Parliament & Politics: Carelessness with a photocopier endangers political lives

The Sketch
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The Independent Online
FOR SOME time I've struggled with the notion that Labour backbenchers have to be spoon-fed if they are to be witty and incisive. Yesterday demonstrated that this impression may be utterly misleading, though. The truth is far worse. Labour backbenchers have to be spoon-fed if they are to be dull and predictable.

Due to someone's carelessness with a photocopier - and how easy it is to leave that last sheet under the flap if you're rushed - Tory MPs were all holding the same document as Francis Maude, the Conservative MP for Horsham and the shadow Chancellor, got up to speak. The hasty scrawl across the right hand corner probably best conveys both what it was and what it meant to them. "Labour's proposed interventions on Francis", it read, "Recovered from a photocopier. Tee Hee!!" "Tee Hee!!" indeed. Not to mention "Chortle!" and "Guffaw!!!".

There is a convention during oral questions to ministers that MPs do not take up the House's time by laboriously repeating what is already written on the order paper. They simply get up and announce the number of their inquiry. "Question Number Six, Madam Speaker," says Jeremy Corbyn, the Labour MP for Islington North, and the minister responsible sets off into the arid terrain of a prepared reply about the future of the Western Sahara.

Yesterday Opposition MPs, to their uncontained glee, were able to reverse this procedure.

So, up gets the unsuspecting Geraint Davies, the Labour MP for Croydon Central, to ask Mr Maude to give way. He is all eagerness. "Will the shadow Chancellor say whether he is in favour of Bank of England independence or against it? Yes or No?"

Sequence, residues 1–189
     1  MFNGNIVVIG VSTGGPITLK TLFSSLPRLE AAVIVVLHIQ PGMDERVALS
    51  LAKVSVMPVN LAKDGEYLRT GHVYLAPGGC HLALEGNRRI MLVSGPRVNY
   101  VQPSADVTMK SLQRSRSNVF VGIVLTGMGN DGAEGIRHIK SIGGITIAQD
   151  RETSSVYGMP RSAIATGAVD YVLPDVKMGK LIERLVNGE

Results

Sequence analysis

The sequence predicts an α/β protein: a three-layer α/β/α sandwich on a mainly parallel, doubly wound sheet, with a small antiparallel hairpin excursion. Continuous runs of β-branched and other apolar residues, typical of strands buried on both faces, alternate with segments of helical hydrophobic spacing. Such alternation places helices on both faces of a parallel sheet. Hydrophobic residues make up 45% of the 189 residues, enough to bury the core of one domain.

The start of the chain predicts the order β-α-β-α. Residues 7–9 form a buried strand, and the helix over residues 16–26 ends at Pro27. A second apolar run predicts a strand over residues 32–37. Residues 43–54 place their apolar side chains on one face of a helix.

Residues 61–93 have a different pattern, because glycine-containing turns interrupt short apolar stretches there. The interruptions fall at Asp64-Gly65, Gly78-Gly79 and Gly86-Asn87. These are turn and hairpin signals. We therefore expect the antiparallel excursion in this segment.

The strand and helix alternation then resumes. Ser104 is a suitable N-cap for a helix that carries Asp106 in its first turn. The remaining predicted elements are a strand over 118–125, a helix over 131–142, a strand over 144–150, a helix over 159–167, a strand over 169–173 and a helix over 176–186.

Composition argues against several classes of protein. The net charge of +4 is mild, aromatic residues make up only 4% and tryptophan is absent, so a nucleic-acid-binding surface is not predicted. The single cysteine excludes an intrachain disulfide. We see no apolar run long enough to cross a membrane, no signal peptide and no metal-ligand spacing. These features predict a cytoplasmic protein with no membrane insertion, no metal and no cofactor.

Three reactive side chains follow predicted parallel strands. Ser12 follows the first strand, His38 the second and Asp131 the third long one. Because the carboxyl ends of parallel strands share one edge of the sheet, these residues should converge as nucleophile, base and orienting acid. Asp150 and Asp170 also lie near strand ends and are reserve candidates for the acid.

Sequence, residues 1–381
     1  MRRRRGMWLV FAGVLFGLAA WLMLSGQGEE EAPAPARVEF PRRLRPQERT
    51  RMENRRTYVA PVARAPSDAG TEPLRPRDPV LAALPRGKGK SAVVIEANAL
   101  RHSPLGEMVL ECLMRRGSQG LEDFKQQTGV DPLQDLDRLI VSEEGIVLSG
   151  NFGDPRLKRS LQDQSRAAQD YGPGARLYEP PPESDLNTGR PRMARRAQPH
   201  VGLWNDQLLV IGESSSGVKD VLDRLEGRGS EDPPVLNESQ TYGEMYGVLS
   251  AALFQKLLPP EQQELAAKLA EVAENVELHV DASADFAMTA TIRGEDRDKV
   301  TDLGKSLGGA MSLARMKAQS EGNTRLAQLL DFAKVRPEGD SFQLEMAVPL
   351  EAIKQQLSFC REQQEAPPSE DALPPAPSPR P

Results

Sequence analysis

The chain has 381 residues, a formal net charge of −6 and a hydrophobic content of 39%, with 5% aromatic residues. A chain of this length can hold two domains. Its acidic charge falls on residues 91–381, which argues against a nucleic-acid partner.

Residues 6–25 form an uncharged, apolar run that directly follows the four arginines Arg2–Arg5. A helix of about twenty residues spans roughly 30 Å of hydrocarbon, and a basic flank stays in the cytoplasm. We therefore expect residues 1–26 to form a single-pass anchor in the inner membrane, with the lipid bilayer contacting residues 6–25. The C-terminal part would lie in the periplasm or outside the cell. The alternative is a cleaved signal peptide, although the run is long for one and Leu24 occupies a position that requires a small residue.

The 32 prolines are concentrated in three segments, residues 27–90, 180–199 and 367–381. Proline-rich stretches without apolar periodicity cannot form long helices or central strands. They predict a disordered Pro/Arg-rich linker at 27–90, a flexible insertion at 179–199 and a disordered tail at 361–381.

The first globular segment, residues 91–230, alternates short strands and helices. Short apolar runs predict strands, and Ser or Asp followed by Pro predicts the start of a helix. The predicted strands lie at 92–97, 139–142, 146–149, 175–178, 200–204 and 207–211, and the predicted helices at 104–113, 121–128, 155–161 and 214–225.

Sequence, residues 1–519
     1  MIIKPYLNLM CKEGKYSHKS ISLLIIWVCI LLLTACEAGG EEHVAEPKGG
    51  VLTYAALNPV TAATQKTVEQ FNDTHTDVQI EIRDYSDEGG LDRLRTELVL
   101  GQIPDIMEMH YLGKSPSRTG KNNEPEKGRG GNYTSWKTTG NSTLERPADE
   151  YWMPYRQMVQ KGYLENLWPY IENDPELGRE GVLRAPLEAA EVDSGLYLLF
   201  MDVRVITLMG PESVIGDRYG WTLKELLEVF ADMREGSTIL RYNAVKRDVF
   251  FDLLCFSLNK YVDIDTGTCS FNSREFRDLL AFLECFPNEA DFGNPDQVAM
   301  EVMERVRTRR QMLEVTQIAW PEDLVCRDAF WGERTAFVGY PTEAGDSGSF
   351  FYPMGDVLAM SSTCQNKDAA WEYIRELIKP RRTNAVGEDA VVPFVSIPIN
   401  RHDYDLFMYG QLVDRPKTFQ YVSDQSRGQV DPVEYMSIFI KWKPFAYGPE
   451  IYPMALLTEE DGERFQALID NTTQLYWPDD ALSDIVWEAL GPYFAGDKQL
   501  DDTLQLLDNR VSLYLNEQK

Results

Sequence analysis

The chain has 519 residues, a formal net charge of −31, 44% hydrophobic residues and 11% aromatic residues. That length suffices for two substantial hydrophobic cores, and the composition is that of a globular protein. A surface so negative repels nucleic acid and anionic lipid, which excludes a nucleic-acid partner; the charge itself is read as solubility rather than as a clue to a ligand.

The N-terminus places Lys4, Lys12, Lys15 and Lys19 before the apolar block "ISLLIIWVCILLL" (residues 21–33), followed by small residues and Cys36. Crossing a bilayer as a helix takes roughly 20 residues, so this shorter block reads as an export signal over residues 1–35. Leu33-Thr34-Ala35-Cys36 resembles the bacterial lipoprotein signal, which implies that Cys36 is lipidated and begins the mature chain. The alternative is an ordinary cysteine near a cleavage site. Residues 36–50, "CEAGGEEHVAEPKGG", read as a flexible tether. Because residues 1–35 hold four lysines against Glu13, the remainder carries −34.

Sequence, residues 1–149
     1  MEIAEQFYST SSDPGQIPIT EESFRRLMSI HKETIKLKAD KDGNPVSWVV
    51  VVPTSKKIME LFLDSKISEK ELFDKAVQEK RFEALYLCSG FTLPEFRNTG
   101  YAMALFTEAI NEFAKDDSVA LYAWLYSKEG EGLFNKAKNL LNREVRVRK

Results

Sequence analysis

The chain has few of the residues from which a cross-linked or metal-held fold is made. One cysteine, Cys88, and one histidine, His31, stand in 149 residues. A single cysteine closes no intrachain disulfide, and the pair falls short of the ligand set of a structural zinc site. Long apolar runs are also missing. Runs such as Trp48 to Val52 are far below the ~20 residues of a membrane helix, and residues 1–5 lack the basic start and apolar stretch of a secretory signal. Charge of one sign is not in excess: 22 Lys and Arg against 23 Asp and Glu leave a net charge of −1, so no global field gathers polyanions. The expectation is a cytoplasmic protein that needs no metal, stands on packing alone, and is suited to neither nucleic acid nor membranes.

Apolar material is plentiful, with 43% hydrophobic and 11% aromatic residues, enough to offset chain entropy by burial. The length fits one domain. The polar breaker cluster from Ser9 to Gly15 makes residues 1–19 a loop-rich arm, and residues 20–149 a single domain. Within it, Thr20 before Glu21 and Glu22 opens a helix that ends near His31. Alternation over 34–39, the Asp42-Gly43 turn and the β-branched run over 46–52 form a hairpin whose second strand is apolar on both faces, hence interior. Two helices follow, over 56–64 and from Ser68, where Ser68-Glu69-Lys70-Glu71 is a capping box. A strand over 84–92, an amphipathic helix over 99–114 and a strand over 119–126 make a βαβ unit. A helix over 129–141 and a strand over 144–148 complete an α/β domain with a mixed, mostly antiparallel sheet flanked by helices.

"Number Ten!" bellow the Tory backbenchers in unison, giving notice that the crib sheet is in general circulation. Inexperienced Labour goodie- goodies found themselves in a quandary. Francis Maude is a temptingly easy target for ambitious backbench submarine commanders, wallowing heavily as he proceeds and armed only with light and inaccurate weaponry. How alluring he must have looked through the cross-hairs of their periscopes. But the sea-lanes had been mined with depth charges and already one of their comrades had gone down, leaving only a greasy swell behind him.

Set course in the wrong direction and "Boom!" the Opposition would explode again in mocking laughter.

Only Dale Campbell-Savours, the Labour MP for Workington,had worked out a tactic to get round the problem - by deliberate detonation. "Perhaps I can further develop Number Eight on the list," he began affably, and when the enormous splash of Tory hilarity had finally subsided, he released his torpedo: "He can't say he doesn't know the answer, because he's been given notice."

Not all MPs need their questions typed out for them. Earlier, MPs on both sides tried to press Robin Cook, the Foreign Secretary, to declare that it was now policy to terminate President Saddam Hussein's political career with extreme prejudice. "Can't we be more robust," said one MP plaintively, clearly longing for the moment when the boys from Hereford would be asked to "aid the opposition".

Mr Cook simply reiterated government determination to make Iraq comply with UN resolutions - at which point he was hit from behind by a low-flying dove. "What would be the point of bombing Baghdad, a city of four-and a-half-million people which has only two ambulances?" asked Tam Dalyell, the Labour MP for Linlithgow, gloomily, "Another Dresden?"

Judging from the asperity of Mr Cook's reply this intervention had not passed through the Millbank opinion mill.